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As Ohio prepares for its first execution in more than three years, death-row inmates are asking the U.S. Supreme Court to postpone lethal injections once again.
The state has not put anyone to death since the 2014 execution of Dennis McGuire, who appeared to gasp for breath during the 25 minutes it took for an untried cocktail of drugs to end his life.
A federal appeals panel last month overturned a lower court ruling blocking the state from proceeding with executions using the controversial sedative midazolam because of the risk of a painful death.
That decision clears the way for Ohio to execute Ronald Phillips on July 26, unless the high court steps in. Lawyers for Phillips and two other death row inmates asked the justices Tuesday to issue stays of execution.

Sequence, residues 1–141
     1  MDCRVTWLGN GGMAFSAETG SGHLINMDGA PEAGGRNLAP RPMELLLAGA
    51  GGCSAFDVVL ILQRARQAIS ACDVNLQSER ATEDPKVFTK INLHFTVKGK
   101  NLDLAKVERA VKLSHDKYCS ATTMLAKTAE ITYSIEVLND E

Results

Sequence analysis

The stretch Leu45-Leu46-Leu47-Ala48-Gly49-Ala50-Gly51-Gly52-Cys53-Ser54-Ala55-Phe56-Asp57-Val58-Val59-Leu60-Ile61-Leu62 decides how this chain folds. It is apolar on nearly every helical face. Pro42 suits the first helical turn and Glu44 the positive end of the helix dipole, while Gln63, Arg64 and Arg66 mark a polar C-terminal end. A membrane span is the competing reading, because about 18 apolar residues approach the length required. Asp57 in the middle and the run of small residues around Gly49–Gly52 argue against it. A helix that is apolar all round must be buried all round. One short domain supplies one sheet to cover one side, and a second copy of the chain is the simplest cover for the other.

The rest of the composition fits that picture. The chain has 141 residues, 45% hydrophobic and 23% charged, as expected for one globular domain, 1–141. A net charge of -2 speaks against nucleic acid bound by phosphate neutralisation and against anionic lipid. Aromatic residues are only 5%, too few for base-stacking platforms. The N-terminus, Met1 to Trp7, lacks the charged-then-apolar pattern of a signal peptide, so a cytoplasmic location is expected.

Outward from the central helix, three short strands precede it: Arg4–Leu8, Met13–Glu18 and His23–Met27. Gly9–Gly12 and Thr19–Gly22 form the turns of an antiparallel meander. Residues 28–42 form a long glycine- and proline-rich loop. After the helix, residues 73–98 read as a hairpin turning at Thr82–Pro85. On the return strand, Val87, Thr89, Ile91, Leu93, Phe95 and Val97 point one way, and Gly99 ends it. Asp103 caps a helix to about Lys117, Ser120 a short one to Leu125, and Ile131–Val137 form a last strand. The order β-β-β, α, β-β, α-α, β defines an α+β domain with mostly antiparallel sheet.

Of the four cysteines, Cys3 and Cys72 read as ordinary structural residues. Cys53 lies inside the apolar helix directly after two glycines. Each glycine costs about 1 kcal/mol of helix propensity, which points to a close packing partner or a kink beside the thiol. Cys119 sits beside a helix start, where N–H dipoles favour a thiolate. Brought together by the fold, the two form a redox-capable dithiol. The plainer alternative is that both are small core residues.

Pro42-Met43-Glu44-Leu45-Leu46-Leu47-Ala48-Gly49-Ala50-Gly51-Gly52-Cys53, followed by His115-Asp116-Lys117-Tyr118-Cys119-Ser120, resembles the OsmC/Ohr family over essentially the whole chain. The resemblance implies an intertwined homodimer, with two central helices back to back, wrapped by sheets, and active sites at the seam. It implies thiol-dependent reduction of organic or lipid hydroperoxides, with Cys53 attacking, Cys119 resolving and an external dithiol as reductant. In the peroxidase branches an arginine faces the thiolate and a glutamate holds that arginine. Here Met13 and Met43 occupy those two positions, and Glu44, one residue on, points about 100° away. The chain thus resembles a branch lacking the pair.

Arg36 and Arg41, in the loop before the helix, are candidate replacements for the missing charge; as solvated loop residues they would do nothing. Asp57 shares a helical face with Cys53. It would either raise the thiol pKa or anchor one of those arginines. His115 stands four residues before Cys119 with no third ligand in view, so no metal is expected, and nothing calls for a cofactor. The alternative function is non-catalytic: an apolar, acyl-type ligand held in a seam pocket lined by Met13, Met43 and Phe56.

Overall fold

"The judges who have heard the witnesses have found their concerns about the severe pain that a midazolam-based protocol will cause to be compelling," the petition says.
"There is mounting evidence that the three-drug protocol Ohio seeks to use is unconstitutionally painful."
Phillips, who was convicted of raping and murdering his girlfriend's three-year-old daughter in 1993, has already won several previous reprieves, including a delay as officials considered, and ultimately rejected, his request to donate organs to his family members.